When you eat a meal—especially a meal with carbohydrates—your blood sugar rises. Then your pancreas releases your blood sugar regulation hormone (insulin), and fat-burning is temporarily suppressed.

Allulose may reduce the blood sugar response to a meal. One meta-analysis (a study of studies) on 400 people found that taking allulose with a carb-containing meal reduced blood sugar by 10%.5 In another study, people taking allulose with fat did not see a blood sugar spike.1

#2: May increase fat-burning

As blood sugar and insulin levels go down, fat-burning generally goes up. That’s the basic principle behind the keto diet.6 By restricting carbs, you keep insulin low and burn more fat.

Allulose may spur this process along. In one study, thirteen people took 5 grams of allulose or 10 grams of aspartame before a meal.7 Compared to aspartame, allulose decreased blood sugar and increased fatty acid oxidation (fat-burning) in the post-meal period.

#3: May protect against liver fat

Non-alcoholic fatty liver disease (NAFLD) affects 30 to 40 percent of Americans.8 This accumulation of liver fat is a risk factor for more serious liver diseases, like NASH and cirrhosis.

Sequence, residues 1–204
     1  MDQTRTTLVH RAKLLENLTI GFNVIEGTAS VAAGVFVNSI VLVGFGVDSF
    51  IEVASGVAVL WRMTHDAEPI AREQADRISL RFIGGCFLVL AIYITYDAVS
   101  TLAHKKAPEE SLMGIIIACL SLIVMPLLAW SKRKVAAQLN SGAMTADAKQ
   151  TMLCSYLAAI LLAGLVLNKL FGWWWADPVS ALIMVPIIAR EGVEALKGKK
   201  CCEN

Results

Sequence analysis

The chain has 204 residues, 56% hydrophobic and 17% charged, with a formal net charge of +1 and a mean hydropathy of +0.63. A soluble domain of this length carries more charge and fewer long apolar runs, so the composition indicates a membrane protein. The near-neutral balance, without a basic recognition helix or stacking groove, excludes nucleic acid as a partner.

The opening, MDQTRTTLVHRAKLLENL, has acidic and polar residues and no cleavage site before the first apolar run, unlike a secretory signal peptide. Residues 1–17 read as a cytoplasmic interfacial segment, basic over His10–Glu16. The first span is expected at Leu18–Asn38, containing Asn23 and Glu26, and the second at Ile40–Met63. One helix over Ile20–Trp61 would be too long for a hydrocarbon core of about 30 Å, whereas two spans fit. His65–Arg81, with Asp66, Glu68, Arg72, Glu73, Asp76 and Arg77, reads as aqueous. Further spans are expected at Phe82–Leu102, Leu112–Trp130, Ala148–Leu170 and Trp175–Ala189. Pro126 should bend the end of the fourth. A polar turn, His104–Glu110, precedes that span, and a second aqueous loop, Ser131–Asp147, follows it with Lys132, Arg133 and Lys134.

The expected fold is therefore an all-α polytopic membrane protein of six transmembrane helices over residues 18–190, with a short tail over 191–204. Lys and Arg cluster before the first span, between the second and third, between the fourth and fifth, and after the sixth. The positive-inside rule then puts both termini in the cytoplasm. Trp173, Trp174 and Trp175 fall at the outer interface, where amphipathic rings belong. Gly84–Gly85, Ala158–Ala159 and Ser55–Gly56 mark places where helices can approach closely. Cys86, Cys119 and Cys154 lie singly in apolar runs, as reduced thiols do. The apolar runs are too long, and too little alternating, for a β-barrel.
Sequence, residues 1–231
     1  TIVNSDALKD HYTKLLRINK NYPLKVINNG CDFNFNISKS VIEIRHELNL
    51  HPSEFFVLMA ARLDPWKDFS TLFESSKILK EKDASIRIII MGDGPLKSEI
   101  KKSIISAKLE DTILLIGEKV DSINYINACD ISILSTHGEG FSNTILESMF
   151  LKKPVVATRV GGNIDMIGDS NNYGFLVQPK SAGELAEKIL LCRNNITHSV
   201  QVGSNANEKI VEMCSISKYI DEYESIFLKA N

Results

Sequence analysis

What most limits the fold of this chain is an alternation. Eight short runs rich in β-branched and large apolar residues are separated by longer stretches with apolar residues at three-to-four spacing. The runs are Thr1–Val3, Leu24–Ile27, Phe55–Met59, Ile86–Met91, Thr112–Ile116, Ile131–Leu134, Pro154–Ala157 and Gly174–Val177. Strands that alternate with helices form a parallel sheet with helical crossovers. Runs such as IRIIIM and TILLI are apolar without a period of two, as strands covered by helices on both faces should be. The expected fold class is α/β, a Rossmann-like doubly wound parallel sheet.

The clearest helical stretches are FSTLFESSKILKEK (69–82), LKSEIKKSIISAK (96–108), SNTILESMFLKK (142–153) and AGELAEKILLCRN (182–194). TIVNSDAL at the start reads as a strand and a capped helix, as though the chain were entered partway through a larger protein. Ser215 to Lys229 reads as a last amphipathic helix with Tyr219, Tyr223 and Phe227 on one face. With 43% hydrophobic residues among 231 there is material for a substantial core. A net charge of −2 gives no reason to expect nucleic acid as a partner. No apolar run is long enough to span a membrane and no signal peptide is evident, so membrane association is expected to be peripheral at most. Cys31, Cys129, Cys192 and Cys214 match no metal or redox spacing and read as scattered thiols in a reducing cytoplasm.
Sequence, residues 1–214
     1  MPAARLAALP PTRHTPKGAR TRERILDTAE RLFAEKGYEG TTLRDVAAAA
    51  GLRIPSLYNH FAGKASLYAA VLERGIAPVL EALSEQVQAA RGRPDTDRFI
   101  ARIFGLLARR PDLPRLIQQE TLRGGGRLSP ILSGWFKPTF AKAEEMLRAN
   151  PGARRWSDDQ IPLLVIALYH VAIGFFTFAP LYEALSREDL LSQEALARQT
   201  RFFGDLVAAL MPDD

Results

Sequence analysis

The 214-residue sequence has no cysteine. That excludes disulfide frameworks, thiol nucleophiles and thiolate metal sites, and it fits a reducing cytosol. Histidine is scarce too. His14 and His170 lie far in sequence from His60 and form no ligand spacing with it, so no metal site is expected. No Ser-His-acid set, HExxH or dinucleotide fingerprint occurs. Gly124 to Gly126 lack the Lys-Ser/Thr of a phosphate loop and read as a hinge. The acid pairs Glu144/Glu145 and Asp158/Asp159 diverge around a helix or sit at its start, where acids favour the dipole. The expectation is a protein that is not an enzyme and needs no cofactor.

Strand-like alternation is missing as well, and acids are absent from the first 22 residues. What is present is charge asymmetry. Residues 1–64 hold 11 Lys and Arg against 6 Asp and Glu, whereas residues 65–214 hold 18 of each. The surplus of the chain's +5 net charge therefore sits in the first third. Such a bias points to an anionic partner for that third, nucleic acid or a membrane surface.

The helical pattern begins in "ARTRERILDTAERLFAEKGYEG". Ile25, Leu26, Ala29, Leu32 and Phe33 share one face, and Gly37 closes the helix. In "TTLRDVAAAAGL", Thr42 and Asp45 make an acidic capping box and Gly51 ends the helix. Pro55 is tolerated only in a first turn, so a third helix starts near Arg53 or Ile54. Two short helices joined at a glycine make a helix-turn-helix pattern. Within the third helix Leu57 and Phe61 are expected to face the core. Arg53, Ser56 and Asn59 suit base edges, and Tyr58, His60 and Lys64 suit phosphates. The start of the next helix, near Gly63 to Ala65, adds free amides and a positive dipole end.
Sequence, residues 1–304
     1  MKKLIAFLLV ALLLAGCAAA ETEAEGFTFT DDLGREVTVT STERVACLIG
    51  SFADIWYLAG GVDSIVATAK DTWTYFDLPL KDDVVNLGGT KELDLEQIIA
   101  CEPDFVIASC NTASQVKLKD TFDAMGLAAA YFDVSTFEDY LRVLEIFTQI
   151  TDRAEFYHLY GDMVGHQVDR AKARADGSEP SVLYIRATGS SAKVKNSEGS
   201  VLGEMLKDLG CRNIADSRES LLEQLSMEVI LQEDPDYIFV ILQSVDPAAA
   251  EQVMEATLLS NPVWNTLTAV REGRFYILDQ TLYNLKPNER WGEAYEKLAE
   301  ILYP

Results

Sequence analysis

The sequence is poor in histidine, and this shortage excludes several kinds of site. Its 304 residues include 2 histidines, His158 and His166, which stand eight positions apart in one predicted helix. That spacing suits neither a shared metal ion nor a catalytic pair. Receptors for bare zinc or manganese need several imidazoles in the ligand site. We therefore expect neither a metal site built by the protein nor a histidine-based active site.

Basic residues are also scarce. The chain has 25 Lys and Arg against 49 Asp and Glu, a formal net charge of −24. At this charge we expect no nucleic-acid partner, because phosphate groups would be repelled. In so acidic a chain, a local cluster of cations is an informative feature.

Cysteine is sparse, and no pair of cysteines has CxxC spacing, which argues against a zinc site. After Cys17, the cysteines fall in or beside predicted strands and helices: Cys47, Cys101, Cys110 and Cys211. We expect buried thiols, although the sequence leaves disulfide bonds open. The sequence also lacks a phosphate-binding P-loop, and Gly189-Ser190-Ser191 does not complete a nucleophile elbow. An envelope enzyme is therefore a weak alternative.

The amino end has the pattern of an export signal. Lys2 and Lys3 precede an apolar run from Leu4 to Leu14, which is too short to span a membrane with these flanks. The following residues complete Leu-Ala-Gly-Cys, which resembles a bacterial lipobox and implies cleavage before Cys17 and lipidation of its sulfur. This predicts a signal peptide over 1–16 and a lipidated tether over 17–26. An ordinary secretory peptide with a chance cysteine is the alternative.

Another study found that in rats, allulose suppressed enzymes that promote the formation of liver fat.9 We don’t know if this result applies to humans, but it’s promising.

Allulose Safety and Side Effects

Allulose is generally recognized as safe (GRAS) by the US Food and Drug Administration. When a compound is assigned GRAS status, it means that normal doses aren’t hazardous to human health.

This is supported by human studies, and high doses (2 grams per kilogram) have also been shown to be safe in rats.10

Any side effects? Well, one study found that about 60 grams of allulose (for a 150-pound adult) didn’t have any serious digestive effects. The normal serving size of allulose is about 8 grams. Extremely high doses, however, could potentially cause GI issues.11

How To Use Allulose

You can use allulose anywhere you’d use sugar. Here are some ideas to get you started.

Allulose for Baking

If you plan on browning your baked goods, you’ll want to use allulose. It’s the only keto sweetener that tastes, bakes, and browns like sugar.

In fact, allulose browns faster than sugar. To compensate, set your oven 25 degrees lower and cover your goodies with tin foil as they bake.

Splenda Allulose Sweetener is an easy 1:1 swap with sugar in all your favorite recipes. Just try our Hawaiian Rolls. You’ll love them!

Here are some allulose recipes to get you started:

Low-carb apple pie
Low-carb blueberry muffins (allulose is great for locking in moisture)
Gluten-free banana bread

Allulose for Drinks

Allulose tastes like sugar, but does it dissolve like sugar? Yes it does. Try this allulose lemon syrup and see for yourself.

Allulose for Frozen Foods